The author of this piece, Robert Bryce is a senior fellow at the Manhattan Institute. This is excerpted from his forthcoming report for the institute on America’s energy advantages.
For years, greens and many others have insisted that widespread adoption of renewable energy will create jobs and stimulate the economy. An example: In September 2008, then-candidate Barack Obama claimed at a speech in Golden, Colo., that his planned investments in “green” energy would create “five million new jobs that pay well and can’t ever be outsourced.”
It was all bunk.
Proof came last month when the European Union and the German government announced separately that they were both rolling back aggressive subsidies and mandates for renewable energy. The reason: staggering costs. Spain has racked up some $35 billion in debt—known as the “tariff deficit”— thanks to excessive renewable-energy subsidies. In Germany, renewable-energy subsidies are now costing German consumers and industry about $32 billion a year. The costs have become so onerous that on Jan. 21 Germany’s economy and energy minister Sigmar Gabriel told energy conference attendees in Berlin that his country is risking “dramatic deindustrialization” if it doesn’t reduce energy costs.
In December, the Center for European Policy Studies, a Brussels-based think tank, reported that European steelmakers are paying twice as much for electricity and four times as much for natural gas as their U.S. competitors. In Denmark, that wonderland for wind-energy enthusiasts, residential electricity now costs about 41 cents per kilowatt-hour, more than three times the U.S. average rate.
Europe’s decision to slow down on renewables suggests that the term “climate denier” needs an overhaul. For the past decade or so, this has been the label for anyone who questions climate change models or the forecasts derived from them. But the lesson from Europe is that the environmentalists who have been relentlessly hawking renewables are the real deniers.
They have denied the costs that renewable energy mandates impose on the European economy. They’ve denied the environmental benefits of increased natural gas use in the U.S. And they continue to deny the difficulty of addressing carbon-dioxide emissions on a global scale.
In December 2012, Robert F. Kennedy Jr. , a senior attorney for the Natural Resources Defense Council, co-wrote an op-ed in the New York Times in which he claimed that Germany’s solar-energy efforts should be copied by the U.S. because a “transition to renewable power could create millions of domestic jobs” and take a “substantial bite” out of America’s greenhouse-gas emissions.
Thanks to the shale revolution, the U.S. is reducing emissions faster, at far lower cost, than the EU. Between 2005 and 2012, U.S. carbon-dioxide emissions fell by 10.9%, according to the widely cited “BP Statistical Review of World Energy 2013.” During the same period the EU’s emissions fell by 9.9%, according to the Netherlands Environmental Assessment Agency.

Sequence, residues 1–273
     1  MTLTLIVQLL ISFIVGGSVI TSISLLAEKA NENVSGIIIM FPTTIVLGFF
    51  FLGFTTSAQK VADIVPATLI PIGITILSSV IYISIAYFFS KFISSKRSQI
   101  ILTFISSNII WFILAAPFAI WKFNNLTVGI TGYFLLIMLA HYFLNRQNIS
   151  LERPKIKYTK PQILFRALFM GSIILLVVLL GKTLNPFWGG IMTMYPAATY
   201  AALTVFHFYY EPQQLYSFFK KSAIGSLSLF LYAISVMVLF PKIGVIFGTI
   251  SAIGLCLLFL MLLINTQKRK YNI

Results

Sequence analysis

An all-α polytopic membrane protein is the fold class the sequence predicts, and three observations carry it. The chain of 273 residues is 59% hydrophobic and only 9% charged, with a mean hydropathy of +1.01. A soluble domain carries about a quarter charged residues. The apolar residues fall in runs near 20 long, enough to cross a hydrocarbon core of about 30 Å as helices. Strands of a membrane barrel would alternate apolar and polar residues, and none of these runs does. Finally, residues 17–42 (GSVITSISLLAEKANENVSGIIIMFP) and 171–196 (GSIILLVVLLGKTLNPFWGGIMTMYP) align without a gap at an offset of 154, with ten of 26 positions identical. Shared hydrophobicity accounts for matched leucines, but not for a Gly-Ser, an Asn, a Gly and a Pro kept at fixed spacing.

Nevertheless, Mr. Kennedy denounced natural gas at a visit to Franklin and Marshall College last October, calling it “a catastrophe.” Bill McKibben, the founder of the environmental organization 350.org who has advocated enormous reductions in global hydrocarbon use, has made similar declarations. In a Jan. 21 op-ed in Politico that he wrote with Chesapeake Climate Action Network’s Mike Tidwell, he said natural gas “needs to stay in the ground” and that it is “just coal by another name.” Mr. McKibben’s energy prescription? U.S. states should “double and triple their wind and solar mandates.” He too believes the U.S. should follow Germany’s lead.
Mr. McKibben is denying the facts. Even though Germany has spent more than $100 billion subsidizing renewables since 2000, the country’s coal use is rising, as are its carbon-dioxide emissions, according to the BP Statistical Review. And Germany’s coal use may continue to grow as the country turns away from nuclear power. In the wake of the Fukushima disaster in 2011, Germany shut down eight of its nuclear reactors, and it plans to retire the rest by 2022. According to an October report from energy publisher Platts, some 7,300 megawatts of new coal plants will be brought online by next year.
It’s not just Germany. Global coal consumption jumped by about 55% over the past decade as demand for electricity has soared. That consumption is boosting global carbon-dioxide emissions, which have increased by 32% over that period, according to the BP Statistical Review. Relatively small reductions in carbon emissions in Europe or the U.S. won’t make a significant difference amid such rapid growth. Since 2005, China alone has increased its carbon-dioxide emissions by about 3.6 billion tons, or about four times the amount Germany emitted in 2012.
The reality is simple: The U.S. has cut carbon-dioxide emissions more effectively than the EU while generating an economic boom from the shale revolution. In October 2013, Purdue University energy economist Wallace Tyner estimated that between 2008 and 2035 the shale revolution will add an average of $473 billion a year to the U.S. economy—or about 3% of current GDP. Using more natural gas in the U.S. sets an example for the rest of the world for economic growth, energy production and carbon dioxide.
But don’t bother trying to convince Messrs. Kennedy and McKibben and their allies. They would rather stay in climate denial.
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